Posts Tagged ‘prisoner’
January 10th, 2012 at 12:51 pm
Obama’s Taliban Prisoner Release is a Bad Deal for America

Last week I wrote that President Barack Obama is entertaining the idea of releasing several high-value Taliban prisoners currently held at Guantanamo Bay as a way to negotiate peace with the terrorist group.  The idea is foolish for a variety of reasons, the most important being that these men will almost certainly return to the purpose of their lives: waging war against America.

For proof, consider this recent article from Marc Thiessen, a former Bush speechwriter and now a columnist for the Washington Post.  In it, Thiessen explains that two of the detainees are wanted by the UN for war crimes, another has experience facilitating terrorist networking events like joint trainings with al-Qaida, and a fourth is believed to have played a part in the deaths of two Americans.  The last member of Thiessen’s terrorist round-up worked directly for Usama bin Ladin, and attended meetings with the Palestinian terrorist group Hamas.

As Thiessen points out, this isn’t the first time a president has considered releasing a Taliban fighter with disastrous consequences:

In 2007, the Bush administration released a Taliban leader named Mullah Zakir to Afghan custody. Unlike these five, he was assessed by our military as only “medium risk” of returning to the fight. They were wrong. Today, Zakir is leading Taliban forces fighting U.S. Marines in Helmand province, and according to former intelligence officials I spoke with, he has provided the Taliban with an exponential increase in combat prowess.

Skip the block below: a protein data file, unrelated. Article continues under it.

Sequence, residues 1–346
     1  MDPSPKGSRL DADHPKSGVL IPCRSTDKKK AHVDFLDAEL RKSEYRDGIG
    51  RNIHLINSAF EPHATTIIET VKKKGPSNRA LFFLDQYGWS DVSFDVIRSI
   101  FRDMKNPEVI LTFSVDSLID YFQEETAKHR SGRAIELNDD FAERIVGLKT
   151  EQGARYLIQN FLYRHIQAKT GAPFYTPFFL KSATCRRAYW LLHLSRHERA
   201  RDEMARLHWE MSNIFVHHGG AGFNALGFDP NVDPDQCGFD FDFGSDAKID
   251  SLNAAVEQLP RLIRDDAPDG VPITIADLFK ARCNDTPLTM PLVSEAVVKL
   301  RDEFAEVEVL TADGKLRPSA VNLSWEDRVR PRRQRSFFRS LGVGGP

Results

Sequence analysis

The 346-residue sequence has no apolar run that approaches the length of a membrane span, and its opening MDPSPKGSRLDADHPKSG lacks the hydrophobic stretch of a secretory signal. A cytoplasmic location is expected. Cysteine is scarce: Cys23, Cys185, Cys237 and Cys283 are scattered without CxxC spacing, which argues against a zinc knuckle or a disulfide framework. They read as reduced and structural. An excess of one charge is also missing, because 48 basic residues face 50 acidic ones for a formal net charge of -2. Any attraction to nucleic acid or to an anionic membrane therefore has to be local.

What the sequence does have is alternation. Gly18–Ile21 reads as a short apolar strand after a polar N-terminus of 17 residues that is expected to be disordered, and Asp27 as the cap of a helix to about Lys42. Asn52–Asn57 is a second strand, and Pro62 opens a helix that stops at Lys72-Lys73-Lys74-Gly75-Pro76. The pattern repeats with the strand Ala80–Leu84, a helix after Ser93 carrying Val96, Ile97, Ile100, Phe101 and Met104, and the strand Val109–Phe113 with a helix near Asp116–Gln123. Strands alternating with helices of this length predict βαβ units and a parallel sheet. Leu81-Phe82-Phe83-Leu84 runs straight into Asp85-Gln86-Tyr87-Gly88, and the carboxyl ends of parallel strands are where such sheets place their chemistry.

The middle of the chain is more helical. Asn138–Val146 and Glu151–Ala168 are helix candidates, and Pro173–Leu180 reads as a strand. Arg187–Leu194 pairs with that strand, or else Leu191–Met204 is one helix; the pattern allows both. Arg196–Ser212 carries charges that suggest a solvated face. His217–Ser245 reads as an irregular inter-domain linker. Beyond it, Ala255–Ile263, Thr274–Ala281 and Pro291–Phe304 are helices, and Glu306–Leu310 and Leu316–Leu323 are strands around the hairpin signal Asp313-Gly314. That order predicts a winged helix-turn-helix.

We’ve been down this road before.  If Obama does in fact release any of these terrorists from Gitmo, Americans will rightly place the blame for any deaths caused by them on his doorstep.

June 1st, 2011 at 1:50 pm
California’s Criminal Lack of Leadership

Last week I wrote about California’s prison dilemma: mandatory sentencing laws combined with too few prisons.  So far, the choice has been presented as between less time for criminals or more taxes for the law-abiding.  An update by the Debra Saunders doesn’t paint a prettier picture:

Even law-and-order types understand that the system must be streamlined. Nina Salarno Ashford of Crime Victims United told me, “I understand budget constraints.” For example, parole violators should go to jail – not prison. But Salarno looks at overcrowded jails, which already have had to release inmates, and fears the consequences.

How do you pay for it?

“It is probably going to take taxes,” she answered.

No lie. There is not much point in keeping taxes low – only to have some lowlife boost your wallet.

On the other hand, there’s not much point in paying higher taxes if the state slashes the number of inmates by 40,000.

Now that the United States Supreme Court has demanded California reduce its overcrowded prison population by over 40,000, there may not be enough time to raise taxes and build adequate prison space even if Californians wanted to.

If ever there was a need for statesmanship from California’s executive and legislative leaders, this is it.  Otherwise, when tens of thousands of felons are freed, there will literally be rioting in the streets.